On 3rd April 2021, hundreds of women joined a march against the proposed constitutional referendum. The demonstration also marked National Women’s Day, with feminist leaders calling for the respect of women’s rights as well as justice for women killed in femicides and impacted by violence.
A surge of insecurity in the country also led people to mobilise to demand action from authorities. On 15th April 2021, religious institutions, schools and businesses organised a strike to demand the release of ten people, including members of the Catholic clergy, who had been kidnapped days before.
Le 29 juin, des hommes non identifiés circulant à moto ont abattu Charles à l’entrée de son domicile. Les agresseurs ont également abattu la militante Marie Antoinette Duclair, qui se trouvait dans une voiture après avoir raccompagné Charles chez lui. https://t.co/HnzSDx6Xzo— CPJ Américas (@CPJAmericas) July 6, 2021
On 29th June 2021, attackers on a motorcycle shot and killed political activist and journalist Marie Antoinette Duclair and journalist Diego Charles. Charles was walking to the entrance of his house and Duclair was inside her car after driving the journalist home following a meeting that both attended. Duclair, a women's rights defender and member of the opposition party Matrice Libération, co-founded news website Larepiblik Magazine. Charles worked as a reporter for the privately owned radio and television outlet Radio Vision 2000, the news website Gazette Haïti, and had also co-founded Larepiblik Magazine.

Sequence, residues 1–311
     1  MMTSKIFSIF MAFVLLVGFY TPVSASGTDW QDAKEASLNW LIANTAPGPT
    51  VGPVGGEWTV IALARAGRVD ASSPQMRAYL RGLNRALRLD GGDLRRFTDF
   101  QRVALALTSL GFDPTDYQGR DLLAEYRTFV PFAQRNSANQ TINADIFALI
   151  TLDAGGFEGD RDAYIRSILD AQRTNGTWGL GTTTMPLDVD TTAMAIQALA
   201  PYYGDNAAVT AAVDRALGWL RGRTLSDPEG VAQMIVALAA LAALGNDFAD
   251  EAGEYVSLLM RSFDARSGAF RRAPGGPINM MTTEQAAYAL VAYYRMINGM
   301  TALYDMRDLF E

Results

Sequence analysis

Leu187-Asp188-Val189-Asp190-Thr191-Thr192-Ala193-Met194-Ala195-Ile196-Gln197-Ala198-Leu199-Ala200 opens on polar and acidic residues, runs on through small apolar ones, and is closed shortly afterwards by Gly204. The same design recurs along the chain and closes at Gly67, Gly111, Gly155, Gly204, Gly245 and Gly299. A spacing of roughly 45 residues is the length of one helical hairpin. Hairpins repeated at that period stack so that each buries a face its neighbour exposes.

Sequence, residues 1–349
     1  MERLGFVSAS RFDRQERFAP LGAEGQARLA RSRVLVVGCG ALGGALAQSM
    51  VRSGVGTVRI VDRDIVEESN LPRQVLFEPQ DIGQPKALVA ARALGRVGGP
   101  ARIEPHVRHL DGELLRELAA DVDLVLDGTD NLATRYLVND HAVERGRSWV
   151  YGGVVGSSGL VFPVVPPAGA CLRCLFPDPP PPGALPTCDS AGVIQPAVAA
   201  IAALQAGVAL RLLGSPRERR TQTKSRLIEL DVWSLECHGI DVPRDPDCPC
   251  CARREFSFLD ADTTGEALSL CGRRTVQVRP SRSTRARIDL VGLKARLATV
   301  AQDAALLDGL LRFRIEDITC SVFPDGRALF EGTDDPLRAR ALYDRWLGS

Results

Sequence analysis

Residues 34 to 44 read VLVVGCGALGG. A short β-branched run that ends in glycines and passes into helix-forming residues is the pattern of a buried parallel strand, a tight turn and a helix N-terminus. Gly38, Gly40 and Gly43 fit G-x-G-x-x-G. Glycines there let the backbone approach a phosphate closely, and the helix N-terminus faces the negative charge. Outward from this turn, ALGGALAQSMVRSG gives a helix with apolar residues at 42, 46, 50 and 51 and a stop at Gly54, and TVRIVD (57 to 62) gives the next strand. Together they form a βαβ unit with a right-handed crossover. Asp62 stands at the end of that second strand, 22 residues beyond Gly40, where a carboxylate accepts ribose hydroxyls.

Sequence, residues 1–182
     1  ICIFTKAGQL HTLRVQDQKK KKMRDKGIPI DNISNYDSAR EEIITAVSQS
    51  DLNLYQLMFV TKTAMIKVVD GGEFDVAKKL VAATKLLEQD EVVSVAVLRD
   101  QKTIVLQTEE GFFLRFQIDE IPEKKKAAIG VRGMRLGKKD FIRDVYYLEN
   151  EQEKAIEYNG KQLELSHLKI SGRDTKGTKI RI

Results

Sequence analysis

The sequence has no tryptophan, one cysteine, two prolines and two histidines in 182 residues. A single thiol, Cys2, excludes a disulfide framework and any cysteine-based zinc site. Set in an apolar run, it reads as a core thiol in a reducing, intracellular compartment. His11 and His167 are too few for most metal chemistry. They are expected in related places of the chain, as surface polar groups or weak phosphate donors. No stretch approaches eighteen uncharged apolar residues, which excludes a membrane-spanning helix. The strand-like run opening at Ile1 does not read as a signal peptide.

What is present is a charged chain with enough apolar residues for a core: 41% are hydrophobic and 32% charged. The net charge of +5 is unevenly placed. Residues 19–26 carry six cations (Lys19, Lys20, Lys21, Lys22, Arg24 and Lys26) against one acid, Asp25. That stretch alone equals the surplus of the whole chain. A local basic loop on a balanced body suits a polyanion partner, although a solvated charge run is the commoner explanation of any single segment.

On the same night, other violent incidents left over 17 people dead. The police soon claimed Charles and Duclair’s deaths were connected to these incidents and part of a wave of revenge killings by criminal gangs. However, the information was questioned by the Réseau National de Défense des Droits Humains (National Human Rights Defence Network - RNDDH), who called the assertion “hasty” and said more investigation was required to clarify these murders as well as the killings of other journalists.
On 28th June 2021, civil society organisation Doctors Without Borders (Médecins Sans Frontières – MSF) temporarily closed an emergency care centre in Port-au-Prince after an armed attack. While no one was injured during the attack, MSF evacuated its staff and patients from the emergency centre, which is located in an area where there is territorial conflict between rival gangs. In a statement a few weeks before, MSF had said the spike in violence in Haiti’s capital was putting medical activities in jeopardy, warning that medical care cannot be sustained while armed clashes and robberies affect health facilities, vehicles, patients and staff. A similar incident had taken place at a different facility in February 2021.
In a separate development, land rights defender and coordinator of Action pour la Reforestation et la Défense de l'Environnement (Action for Reforestation and the Defence of the Environment - AREDE), Milostène Castin, received a death threat. According to Amnesty International, Castin was told by an affiliate of the ruling party that government officials “want him dead” because of his defence of subsistance farmers in a community facing expropriation. The land defender has faced repeated attacks and intimidation. In late 2020, armed men fired gunshots and smashed the windows of his home. Attackers also reportedly attempted to kidnap his children in 2020.
In a report published in April 2021, the Observatoire Haïtien des Crimes contre l’humanité (Haitian Observatory of Crimes Against Humanity - OHCCH) and Harvard Law School’s International Human Rights Clinic alleged Haiti's government was complicit in three massacres targeting impoverished neighbourhoods between 2018 and 2020. The report points to evidence that the criminal gangs' attacks were supported by state actors, including officials in the Moïse administration.